<edithistory use="true">

If the IP address changes, then the file (say) c:\utility\MonitorRouterIP.history.xml will be brought up on the screen, probably in an editor. This does not timeout. Its use is somewhat limited.

<smtp use="true">

This is how you send emails. It is a bit complicated, but if you already have your email client working, then it should be fairly painless. If you only use webmail, then it may be more like extracting teeth. The subsection under <smtp> defines how to connect to the email network and how to construct the email. Let's look at each one and compare it to your email client. So look at an email client account. In my example below, I use Windows Mail, but all mail clients are pretty similar and need exactly the same information.

You can have multiple <smtp> entries. I have a local SMTP server I also send to. One of the problems is that if your router loses connectivity, then it cannot send the emails. Note that if this program cannot send email alerts, then they just do not happen. They are not stored for later despatch.


This will be the same as your outgoing mail (SMTP) server in Windows mail.

(Aside: If you run an SMTP server, it can also be in the form <server></server>.


This is the 'who' it will come from. Your mail server may not permit you to put something other than your real email address. Pointless to do otherwise, really. In Windows Mail, this is your "E-mail address:" on the General tab.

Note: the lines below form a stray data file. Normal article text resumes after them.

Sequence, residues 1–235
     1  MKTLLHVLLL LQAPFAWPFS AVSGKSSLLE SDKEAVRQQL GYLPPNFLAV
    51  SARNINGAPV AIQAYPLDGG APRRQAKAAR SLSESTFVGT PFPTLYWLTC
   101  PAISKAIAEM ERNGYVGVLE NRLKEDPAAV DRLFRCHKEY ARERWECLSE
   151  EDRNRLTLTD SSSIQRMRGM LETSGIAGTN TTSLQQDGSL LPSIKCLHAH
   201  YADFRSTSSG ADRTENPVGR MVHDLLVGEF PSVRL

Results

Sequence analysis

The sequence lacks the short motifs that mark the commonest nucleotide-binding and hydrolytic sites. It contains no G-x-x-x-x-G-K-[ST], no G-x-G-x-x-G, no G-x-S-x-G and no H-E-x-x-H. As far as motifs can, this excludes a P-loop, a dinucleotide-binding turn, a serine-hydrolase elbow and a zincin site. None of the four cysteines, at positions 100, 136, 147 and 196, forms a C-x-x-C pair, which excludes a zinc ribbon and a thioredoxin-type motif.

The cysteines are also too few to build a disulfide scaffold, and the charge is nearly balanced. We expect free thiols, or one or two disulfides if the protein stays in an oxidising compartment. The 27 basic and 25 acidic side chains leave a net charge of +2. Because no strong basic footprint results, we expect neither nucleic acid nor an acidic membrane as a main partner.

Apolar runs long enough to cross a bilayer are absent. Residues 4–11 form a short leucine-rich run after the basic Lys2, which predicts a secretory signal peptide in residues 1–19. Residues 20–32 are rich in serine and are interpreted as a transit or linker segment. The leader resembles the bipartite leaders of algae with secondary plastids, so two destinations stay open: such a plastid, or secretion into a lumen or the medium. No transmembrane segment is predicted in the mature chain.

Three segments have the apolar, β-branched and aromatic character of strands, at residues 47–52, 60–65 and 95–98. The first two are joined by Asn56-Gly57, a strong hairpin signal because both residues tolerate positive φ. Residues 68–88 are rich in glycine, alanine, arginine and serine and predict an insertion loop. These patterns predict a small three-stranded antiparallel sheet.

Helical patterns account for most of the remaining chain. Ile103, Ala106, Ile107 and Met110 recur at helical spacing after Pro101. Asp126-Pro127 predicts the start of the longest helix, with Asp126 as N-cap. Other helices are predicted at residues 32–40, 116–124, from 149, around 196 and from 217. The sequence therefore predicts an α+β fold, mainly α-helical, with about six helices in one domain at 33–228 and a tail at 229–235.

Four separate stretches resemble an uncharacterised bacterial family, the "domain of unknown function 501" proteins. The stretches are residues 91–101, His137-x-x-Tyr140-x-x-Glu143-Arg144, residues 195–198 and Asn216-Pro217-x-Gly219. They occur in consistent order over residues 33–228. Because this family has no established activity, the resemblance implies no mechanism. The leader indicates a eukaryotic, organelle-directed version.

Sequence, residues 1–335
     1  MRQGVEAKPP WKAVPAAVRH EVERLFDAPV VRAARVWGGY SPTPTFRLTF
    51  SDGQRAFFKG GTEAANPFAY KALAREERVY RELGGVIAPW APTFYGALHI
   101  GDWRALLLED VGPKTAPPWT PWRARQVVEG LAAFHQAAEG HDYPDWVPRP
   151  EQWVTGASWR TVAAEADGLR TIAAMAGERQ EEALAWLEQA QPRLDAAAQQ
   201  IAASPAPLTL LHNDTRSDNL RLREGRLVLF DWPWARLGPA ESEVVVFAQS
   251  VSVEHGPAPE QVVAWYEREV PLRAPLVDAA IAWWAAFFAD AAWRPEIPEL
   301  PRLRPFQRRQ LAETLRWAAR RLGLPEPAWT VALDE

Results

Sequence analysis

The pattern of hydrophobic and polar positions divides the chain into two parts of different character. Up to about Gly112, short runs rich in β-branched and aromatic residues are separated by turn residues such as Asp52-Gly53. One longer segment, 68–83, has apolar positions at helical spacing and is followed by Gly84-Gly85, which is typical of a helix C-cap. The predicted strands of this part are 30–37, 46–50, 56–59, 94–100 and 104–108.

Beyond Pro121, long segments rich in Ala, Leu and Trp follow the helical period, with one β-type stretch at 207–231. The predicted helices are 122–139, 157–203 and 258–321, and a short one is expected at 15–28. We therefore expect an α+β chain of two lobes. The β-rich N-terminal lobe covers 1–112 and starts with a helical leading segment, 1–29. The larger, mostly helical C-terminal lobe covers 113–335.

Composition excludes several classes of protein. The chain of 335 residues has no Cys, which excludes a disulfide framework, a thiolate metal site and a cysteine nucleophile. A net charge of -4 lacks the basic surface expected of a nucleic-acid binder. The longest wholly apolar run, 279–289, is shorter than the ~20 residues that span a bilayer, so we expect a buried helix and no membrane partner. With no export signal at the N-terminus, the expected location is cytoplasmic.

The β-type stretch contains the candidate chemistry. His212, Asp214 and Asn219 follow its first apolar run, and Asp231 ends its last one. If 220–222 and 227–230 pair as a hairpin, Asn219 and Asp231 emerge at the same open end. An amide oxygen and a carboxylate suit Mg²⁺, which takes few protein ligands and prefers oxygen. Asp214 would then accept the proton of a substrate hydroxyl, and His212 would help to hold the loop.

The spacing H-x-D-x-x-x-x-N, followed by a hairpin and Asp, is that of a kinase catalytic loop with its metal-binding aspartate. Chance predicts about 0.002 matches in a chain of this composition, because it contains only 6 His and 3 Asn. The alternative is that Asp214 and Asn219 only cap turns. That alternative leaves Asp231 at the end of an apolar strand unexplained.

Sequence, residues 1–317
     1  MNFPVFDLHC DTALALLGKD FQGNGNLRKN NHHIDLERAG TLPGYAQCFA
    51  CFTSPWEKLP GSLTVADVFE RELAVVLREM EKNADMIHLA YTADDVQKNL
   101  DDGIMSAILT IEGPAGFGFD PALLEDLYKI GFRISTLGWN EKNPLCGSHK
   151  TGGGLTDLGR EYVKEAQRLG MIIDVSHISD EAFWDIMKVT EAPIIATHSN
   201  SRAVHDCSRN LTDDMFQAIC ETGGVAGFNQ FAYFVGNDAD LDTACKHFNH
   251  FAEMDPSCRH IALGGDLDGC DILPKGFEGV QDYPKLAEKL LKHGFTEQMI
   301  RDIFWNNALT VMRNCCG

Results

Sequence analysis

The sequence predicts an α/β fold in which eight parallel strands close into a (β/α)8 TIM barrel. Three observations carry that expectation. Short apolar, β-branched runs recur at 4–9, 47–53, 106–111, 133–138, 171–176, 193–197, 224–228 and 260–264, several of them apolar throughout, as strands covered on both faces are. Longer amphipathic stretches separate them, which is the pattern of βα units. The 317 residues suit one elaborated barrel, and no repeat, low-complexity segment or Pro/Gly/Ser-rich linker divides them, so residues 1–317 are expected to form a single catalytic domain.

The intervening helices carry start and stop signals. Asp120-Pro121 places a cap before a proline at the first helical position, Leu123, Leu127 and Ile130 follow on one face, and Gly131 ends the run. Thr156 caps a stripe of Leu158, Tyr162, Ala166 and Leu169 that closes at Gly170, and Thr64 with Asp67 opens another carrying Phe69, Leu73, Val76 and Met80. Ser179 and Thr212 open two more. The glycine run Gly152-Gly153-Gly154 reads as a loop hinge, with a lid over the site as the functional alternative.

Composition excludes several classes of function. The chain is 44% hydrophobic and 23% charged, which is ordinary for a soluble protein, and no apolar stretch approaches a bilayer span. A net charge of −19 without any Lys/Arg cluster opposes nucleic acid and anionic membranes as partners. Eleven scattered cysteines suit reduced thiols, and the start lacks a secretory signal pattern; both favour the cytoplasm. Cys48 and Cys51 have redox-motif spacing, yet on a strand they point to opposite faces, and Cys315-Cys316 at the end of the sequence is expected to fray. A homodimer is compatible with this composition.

This is the main addressee for the alert email. Make sure it is real:


You can also copy other addresses such as internal emails to administration, etc. You can have as many <cc> entries as you want.


This is the standard Reply Address on the General tab of Windows mail.

<subject>Problem / Change of IP for router (gmail)</subject>

This is standard subject for the email. If you do not specify this, a suitable subject will be generated.


The standard SMTP port is 25. If your ISP is also your email provider, it will likely be 25. For example, my ISP is Roger, my email address is and the port is 25.

However, if I try ro send mail to a different SMTP server on port 25, then Rogers will block it. This is common behaviour from ISP to stop spam originating from your address.

Most non-ISP email providers use one or more different ports. They can also be different if you are using a secure connection. (That means your messages get encrypted.) For example, Gmail uses port 578 with a secure connection.